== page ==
The paper investigates the role of metals in the energy transition, the impact of various sectors on metal demand, and the need for sector-specific reduction targets to ensure the sustainable supply of metals for renewable energy production.
Key findings related to metal demand, CO2 emissions, and sector reduction targets include:
1. The metal intensity of renewable energy production is not higher compared to energy production with fossil fuels. The report examined the metal consumption of energy production, including iron, aluminium and copper. Compared to the metal needs in g per MWh the metal intensity is not higher compared to e.g. coal power plants. While some renewable technologies do require critical metals, their overall environmental impact is significantly lower compared to fossil fuel-based energy production.
2. Not surprisingly, the study emphasizes that fossil energy production emits much more CO2 than renewables, contributing to climate change and environmental degradation. Transitioning to renewable energy sources is a vital step towards reducing greenhouse gas emissions and mitigating the impacts of climate change.
3. The automobile industry and the shift away from combustion engines to battery vehicles has a higher impact on metal demand. The study highlights that a large share of common metal demand projections is on account of the automobile industry. The growing shift towards electric vehicles and the assumption of a 1:1 replacement of combustion engines with electric cars, instead of considering a transformation to alternative mobility systems, significantly increase the need for critical raw materials like lithium and cobalt which only play a minor role in wind, solar and hydro power.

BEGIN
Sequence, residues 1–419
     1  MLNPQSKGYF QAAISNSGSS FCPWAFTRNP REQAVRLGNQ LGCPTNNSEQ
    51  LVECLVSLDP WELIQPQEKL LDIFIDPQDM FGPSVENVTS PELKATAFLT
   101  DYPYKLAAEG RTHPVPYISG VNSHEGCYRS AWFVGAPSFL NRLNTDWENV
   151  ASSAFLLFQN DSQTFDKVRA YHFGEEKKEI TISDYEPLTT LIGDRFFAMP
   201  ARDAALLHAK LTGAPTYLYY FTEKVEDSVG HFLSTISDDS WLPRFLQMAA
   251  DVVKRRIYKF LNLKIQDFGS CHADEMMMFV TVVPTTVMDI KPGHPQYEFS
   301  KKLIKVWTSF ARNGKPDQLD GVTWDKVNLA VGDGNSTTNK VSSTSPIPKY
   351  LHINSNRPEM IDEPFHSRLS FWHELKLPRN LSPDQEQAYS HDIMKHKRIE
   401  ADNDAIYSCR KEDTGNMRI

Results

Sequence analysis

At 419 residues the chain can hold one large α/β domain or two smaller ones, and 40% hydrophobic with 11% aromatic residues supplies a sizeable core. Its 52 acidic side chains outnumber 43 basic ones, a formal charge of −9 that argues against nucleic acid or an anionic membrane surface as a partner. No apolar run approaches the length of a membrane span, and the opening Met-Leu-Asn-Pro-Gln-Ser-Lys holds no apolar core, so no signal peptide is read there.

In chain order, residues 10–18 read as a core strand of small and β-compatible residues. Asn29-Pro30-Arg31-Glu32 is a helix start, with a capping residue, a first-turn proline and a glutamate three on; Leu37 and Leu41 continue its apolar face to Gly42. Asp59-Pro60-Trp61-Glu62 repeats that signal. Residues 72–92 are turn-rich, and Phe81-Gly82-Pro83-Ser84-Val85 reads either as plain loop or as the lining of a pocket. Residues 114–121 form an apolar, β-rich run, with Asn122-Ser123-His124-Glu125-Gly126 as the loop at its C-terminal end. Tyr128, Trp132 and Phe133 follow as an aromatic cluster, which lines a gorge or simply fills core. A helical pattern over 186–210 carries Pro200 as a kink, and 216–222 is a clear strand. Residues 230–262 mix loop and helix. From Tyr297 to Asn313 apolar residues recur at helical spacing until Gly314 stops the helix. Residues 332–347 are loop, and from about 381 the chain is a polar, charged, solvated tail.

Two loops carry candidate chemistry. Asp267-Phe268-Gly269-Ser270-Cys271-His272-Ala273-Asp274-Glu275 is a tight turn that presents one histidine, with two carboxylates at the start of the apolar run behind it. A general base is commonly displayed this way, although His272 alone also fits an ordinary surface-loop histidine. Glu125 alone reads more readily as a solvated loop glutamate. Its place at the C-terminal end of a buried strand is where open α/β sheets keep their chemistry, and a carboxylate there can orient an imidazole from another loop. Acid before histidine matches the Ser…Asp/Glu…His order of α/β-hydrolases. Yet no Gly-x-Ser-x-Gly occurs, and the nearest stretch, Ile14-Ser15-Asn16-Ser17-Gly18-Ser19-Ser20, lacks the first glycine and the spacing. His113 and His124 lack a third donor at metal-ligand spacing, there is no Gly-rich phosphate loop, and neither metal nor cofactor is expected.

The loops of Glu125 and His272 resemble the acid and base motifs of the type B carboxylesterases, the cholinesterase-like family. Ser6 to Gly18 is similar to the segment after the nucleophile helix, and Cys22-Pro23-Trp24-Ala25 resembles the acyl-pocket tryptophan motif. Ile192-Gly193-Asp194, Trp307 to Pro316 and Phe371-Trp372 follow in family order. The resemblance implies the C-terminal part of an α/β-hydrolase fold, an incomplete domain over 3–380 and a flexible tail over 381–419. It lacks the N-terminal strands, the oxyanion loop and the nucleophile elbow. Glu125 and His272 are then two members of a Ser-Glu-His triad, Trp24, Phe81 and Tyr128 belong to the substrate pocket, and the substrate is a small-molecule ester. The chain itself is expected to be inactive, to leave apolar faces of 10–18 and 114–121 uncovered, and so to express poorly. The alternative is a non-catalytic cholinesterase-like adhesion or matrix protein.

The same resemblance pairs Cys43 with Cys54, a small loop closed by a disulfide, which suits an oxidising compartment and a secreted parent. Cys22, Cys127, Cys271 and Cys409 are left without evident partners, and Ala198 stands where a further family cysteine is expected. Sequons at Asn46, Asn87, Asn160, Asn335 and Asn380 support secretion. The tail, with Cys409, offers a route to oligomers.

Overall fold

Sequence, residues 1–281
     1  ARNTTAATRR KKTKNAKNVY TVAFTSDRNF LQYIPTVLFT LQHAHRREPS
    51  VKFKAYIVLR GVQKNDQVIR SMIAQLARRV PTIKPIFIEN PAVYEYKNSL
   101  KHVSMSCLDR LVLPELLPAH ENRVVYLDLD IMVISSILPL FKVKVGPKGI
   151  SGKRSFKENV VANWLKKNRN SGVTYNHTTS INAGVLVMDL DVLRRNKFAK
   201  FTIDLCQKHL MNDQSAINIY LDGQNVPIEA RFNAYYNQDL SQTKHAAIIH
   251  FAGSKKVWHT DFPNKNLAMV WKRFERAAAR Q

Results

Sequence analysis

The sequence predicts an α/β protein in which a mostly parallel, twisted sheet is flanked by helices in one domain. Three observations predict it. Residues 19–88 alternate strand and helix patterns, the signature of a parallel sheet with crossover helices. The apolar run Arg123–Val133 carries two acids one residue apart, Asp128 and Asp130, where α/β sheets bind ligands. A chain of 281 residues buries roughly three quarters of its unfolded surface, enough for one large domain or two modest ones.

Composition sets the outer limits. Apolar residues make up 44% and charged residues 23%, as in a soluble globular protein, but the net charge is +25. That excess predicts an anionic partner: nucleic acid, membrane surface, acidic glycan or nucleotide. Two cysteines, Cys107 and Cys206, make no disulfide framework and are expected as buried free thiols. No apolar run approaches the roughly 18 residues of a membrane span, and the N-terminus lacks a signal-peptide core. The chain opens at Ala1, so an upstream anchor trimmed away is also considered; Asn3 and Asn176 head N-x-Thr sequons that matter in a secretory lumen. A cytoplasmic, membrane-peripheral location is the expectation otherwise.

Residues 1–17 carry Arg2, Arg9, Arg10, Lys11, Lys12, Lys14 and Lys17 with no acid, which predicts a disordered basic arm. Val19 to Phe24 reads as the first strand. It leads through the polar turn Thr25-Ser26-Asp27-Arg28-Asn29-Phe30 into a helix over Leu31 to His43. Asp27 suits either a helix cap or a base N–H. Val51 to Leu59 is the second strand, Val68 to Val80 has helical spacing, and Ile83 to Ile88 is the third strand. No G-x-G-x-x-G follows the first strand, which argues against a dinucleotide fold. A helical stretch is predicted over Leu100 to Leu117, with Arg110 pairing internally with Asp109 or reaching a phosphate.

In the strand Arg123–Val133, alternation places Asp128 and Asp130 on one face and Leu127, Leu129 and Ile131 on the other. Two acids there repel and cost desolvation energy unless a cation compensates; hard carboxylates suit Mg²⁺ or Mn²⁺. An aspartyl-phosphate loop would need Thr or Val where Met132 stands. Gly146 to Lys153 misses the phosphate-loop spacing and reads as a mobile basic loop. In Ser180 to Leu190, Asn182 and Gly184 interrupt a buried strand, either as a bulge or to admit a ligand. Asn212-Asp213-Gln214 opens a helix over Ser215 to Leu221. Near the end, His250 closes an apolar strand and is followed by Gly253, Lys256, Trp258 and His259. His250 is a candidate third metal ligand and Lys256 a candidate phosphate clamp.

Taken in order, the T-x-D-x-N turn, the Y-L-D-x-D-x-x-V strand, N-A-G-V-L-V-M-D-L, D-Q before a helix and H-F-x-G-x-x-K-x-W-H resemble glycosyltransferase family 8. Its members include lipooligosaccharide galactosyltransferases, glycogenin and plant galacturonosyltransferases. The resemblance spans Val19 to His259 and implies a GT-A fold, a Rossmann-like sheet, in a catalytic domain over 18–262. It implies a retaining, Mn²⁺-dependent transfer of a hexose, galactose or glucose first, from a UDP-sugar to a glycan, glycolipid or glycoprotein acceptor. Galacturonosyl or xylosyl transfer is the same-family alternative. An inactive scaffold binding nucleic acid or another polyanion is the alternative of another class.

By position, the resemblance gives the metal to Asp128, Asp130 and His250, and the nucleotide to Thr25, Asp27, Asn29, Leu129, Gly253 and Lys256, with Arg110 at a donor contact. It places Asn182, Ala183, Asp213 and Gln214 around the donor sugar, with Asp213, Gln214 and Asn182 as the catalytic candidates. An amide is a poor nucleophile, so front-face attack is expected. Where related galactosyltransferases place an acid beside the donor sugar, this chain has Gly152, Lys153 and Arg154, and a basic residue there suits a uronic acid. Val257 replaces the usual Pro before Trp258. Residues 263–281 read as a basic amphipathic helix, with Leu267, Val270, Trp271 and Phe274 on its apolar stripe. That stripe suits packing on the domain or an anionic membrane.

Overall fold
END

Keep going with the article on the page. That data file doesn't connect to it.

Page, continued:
4. The report argues that to secure the metal supply for renewable energy production, there is a need for reduction targets in other sectors with alternative models that are less resource-intensive, such as the mobility and construction sectors. Implementing reduction targets can help manage the demand for critical raw materials, promote the adoption of alternative materials, and support a sustainable energy transition. The energy transition therefore does not contradict the need for reducing primary raw material consumption, but rather supports it.
This publication is a translation of the German-language study “Metalle für die Energiewende”, which was published in November 2022 with financial support from the European Climate Foundation and Engagement Global / Federal Ministry for Economic Cooperation and Development.
This study has been supported by the European Climate Foundation. Responsibility for the information and views set out in this study lie with the authors. The European Climate Foundation cannot be held responsible for any use which may be made of the information contained or expressed therein.